I've been confused about this because of ambiguous language since Microsoft Office 365 launched. I remember spending an hour or so trying to figure out a definitive answer at launch time. I've spent about 15 minutes doing the same now, and I just want to get this sorted now, once and for all.

I remember when Office365 originally launched, Microsoft was saying that they would not be providing "updates" for customers who decided to purchase the normal, old-school, "perpetual" licenses (retail copies or otherwise). I also remember them saying that if you bought a Product Key card (also a perpetual license) that Microsoft would "remember" the moment that you activated and downloaded a copy of Office using the Product Key, and would always save a "snapshot" (presumably of that build) of Office, and that you would never be able to update that either.

What has never been clear to me is what they meant by "update".

As I see it, there are four (or five) categories of "updates."

  1. Security fixes

    No new functionality: these were usually small patches and hot fixes

  2. Bug fixes

    Restoring original functionality that doesn't work as promised or intended: theses were usually small patches and hot fixes

  3. Minor feature updates

    New functionality within the same major version: these were larger patches

  4. Major feature updates

    These usually corresponded to service packs (Windows X, SPx), or new physical releases (Windows 8.1, Windows Server X R2)

  5. New major versions

    These usually included new major functionality as well as a new look and interface and corresponded to major new releases (Windows 7 to 8 to 10)

So it is clear to me that if I have a valid Office 365 subscription, I get all of the above. What is not clear to me is which, if any, of the above kinds of updates does a perpetual (physical or digital) license entitle me to?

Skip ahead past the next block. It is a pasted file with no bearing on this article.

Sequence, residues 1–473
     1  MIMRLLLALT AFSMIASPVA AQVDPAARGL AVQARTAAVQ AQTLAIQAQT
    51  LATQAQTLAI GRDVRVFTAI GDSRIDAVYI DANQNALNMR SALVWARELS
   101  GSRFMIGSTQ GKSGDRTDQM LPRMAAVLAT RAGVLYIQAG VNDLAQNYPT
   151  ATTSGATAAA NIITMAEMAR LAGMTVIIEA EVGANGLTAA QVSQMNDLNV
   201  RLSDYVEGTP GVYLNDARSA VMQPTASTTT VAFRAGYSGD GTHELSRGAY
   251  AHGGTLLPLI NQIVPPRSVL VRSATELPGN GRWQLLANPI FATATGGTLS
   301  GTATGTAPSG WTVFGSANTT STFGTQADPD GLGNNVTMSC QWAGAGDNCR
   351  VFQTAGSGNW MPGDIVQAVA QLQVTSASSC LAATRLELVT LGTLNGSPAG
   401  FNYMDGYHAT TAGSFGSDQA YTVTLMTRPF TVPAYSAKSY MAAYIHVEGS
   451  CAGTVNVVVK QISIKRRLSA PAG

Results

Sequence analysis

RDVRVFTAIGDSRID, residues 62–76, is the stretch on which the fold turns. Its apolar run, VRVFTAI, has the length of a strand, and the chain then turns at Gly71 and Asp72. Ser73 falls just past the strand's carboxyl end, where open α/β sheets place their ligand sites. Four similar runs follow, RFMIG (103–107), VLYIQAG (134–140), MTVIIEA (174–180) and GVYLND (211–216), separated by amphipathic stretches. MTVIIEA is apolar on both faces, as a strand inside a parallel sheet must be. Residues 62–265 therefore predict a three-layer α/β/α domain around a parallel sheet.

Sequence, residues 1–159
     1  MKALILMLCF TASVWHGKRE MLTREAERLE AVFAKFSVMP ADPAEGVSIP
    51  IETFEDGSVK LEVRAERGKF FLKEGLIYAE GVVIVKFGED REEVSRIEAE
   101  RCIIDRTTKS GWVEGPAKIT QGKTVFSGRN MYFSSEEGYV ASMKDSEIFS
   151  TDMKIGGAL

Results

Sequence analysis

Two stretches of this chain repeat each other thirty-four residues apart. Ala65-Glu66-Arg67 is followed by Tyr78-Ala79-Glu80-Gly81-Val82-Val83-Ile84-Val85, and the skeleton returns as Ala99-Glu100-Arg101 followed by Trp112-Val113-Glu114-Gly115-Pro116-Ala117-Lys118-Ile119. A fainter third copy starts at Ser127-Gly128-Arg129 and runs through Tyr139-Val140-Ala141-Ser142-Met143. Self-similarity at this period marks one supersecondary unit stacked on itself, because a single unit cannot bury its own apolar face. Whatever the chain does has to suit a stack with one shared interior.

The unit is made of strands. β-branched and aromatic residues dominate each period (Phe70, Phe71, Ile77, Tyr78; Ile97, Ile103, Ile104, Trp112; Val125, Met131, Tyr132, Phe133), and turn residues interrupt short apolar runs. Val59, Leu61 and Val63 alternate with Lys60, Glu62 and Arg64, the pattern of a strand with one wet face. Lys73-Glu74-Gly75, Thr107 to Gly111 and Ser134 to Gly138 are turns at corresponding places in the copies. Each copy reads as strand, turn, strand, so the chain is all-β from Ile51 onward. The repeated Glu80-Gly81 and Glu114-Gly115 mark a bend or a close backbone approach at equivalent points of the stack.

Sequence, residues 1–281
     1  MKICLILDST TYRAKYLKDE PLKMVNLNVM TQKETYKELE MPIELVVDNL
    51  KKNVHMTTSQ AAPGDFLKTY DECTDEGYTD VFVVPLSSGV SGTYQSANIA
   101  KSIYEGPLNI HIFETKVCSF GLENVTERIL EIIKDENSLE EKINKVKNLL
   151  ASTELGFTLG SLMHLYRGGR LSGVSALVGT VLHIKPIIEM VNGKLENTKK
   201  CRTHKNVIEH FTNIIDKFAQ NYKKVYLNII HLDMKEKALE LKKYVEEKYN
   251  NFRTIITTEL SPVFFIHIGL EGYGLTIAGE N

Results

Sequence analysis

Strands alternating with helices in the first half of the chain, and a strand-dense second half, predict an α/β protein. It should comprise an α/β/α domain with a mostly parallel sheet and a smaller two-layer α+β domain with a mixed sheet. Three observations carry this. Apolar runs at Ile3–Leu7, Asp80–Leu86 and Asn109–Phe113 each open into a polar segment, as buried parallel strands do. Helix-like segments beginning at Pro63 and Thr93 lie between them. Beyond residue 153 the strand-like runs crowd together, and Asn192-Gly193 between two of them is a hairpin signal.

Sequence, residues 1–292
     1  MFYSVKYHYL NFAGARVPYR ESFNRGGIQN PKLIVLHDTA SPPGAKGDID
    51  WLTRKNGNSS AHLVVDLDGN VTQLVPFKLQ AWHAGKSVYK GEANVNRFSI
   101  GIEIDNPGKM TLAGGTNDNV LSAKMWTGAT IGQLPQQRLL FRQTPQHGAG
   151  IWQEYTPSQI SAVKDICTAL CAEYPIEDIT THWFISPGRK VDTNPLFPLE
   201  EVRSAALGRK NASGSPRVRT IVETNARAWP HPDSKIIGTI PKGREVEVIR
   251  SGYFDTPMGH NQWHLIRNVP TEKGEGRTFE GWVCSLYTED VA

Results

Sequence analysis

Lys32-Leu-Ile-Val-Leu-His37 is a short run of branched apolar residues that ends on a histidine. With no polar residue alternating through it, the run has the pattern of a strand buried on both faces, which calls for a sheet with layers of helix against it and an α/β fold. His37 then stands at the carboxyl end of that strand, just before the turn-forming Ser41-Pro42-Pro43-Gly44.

Microsoft seemed to be implying to me that I wouldn't get any of the above, which seems ridiculous. At the very least, I should be entitled to (1.) security fixes and (2.) bug fixes with any license I buy. I could also reasonably see another line drawn somewhere between (3.) minor feature updates and (4.) major feature updates. I would never expect to get a (5.) major new version - that has always required a new license.

Does any one have a definitive answer to this?


Although all Microsoft products are supported within the company's Product Lifecycle Policy, the exact level of support varies depending on which type of Office you use. Large companies may have a separate support agreement, which can change things a bit, but we'll focus on consumer support here.

Lifecycle policies, briefly explained

Modern Lifecycle Policy (Office 365)

Office 365 is covered by the Modern Lifecycle Policy, which can be summed up as follows:

  • Support lasts until you stop paying, as long as you keep the software reasonably up to date.
  • Microsoft will give you one month (30 days) of notice for major, breaking, updates which you must apply to keep using your subscription

Fixed Lifecycle Policy (Perpetual releases)

Perpetual, year-numbered releases of Office are covered by the standard Fixed Lifecycle Policy. The Fixed Lifecycle Policy may be summed up as follows:

  • Support lasts ten years from the product's initial release date
  • Mainstream support (free help from Microsoft) lasts at least the first five years